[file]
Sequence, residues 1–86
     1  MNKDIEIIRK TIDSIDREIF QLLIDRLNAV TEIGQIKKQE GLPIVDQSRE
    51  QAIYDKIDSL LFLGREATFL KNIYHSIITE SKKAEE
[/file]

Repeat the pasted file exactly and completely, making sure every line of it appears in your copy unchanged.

Sequence, residues 1–86
     1  MNKDIEIIRK TIDSIDREIF QLLIDRLNAV TEIGQIKKQE GLPIVDQSRE
    51  QAIYDKIDSL LFLGREATFL KNIYHSIITE SKKAEE